I favourite of many celebrities, meditation music can be a great way to calm your mind and help you drift off to sleep. Model Bella Hadid swears by the top tip, “I recently started listening to meditation music which makes me have a deeper sleep, even if I just have four hours. I’m usually out by the fourth song.”
Say no to naps!
If you need to make up for lost sleep, go to be earlier instead of taking a nap in the day. That way you avoid disturbing your natural rhythm. Bensons for Beds and The Sleep School say, ‘Aim to keep active all day and avoid the urge to have a quick nap on Sunday afternoon. Whilst it might seem like a good idea, it is likely to confuse the body clock further and weaken the chance of sleeping well on Sunday night’.
Boost your melatonin levels at night time
You can do this by avoiding lit up screens such as the television and iPad. Listen to music or an audiobook to relax instead.
4 in 1 Restoring Body Elixir, £8.25, is a wonder product
Containing sweet almond, coconut, sesame, and olive oil, it smells heavenly. You can add it to your bath, use it as a massage oil, or apply to your body and hair as a conditioning oil.
Avoid eating too much late at night
Eat at least two hours before bed, to give your body time to digest.
Massage your pulse points
Apply Aromatherapy Associates Deep Relax Balm, £18, into your pulse points before bed.
Let in natural light
In grey old Britain it can be difficult to get your daily dose of light. Make sure you maximise your light exposure during the day as much as possible. Ways to do this include: Spending more time outside, and keeping curtains and blinds open. In extreme cases you may wish to invest in a light therapy box.
Didn’t know smoking affects sleep? Nicotine is a stimulant, which causes disruption to your sleep cycle.
Don’t draw the curtains
Depending on the environment outside (if you have street lighting outside, for example, this may not be advisable), not drawing the curtains fully, or just using a blind, can allow a small amount of natural light to seep through in the morning, and will allow you to wake up more naturally.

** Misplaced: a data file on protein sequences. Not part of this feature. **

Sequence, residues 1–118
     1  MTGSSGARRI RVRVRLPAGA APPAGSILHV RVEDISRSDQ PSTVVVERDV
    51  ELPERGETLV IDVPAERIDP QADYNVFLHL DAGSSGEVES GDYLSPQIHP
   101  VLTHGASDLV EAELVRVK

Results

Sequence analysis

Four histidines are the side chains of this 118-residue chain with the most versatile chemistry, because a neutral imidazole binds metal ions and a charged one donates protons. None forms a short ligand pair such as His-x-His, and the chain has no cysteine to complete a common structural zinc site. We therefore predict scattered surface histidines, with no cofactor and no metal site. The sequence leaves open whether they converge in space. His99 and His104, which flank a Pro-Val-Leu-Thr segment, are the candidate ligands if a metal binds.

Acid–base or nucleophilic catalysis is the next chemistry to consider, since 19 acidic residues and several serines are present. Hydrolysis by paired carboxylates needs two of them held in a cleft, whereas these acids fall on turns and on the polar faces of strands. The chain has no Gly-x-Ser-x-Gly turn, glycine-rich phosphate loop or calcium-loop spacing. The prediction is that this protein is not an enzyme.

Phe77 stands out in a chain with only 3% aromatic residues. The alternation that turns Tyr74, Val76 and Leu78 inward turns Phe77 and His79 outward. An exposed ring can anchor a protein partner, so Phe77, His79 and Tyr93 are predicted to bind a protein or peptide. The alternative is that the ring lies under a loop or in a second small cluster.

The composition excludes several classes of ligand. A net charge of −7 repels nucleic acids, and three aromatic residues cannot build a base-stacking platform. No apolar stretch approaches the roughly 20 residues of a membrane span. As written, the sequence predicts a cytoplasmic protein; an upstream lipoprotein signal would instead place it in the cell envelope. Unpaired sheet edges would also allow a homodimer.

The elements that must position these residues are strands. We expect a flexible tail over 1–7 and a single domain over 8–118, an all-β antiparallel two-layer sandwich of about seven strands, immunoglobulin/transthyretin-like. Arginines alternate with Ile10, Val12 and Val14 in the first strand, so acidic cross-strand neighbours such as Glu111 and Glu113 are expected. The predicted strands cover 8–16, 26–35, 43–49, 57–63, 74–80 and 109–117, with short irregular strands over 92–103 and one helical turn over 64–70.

Splash your face with water
You might think that it’s a great way to wake up your skin and prepare yourself for the day ahead but submerging your face in cold water is also a lesser-known way to help you sleep.
The cold water can trigger a natural reaction called Mammalian Dive Reflex that can lower the heart rate and blood pressure, which resets your nervous system making you refreshed and relaxed for bed.
Keep the temperature consistent
The optimum temperature to both sleep, and wake up in, is around 16c – 18c. Any warmer than this can mean you can not only experience discomfort and restlessness during the night, but also see you struggling to escape the duvet in the cold winter mornings.
Create the perfect sleep environment
Getting a better night’s sleep is not only good for your health, it also helps you to wake up in the mornings. Make sure you have a supportive, body-zoned and temperature-regulating mattress, such as an Octaspring, use the correct tog duvet, and practice good ‘sleep hygiene’ in your bedroom by turning off any standby buttons and keeping the room airy.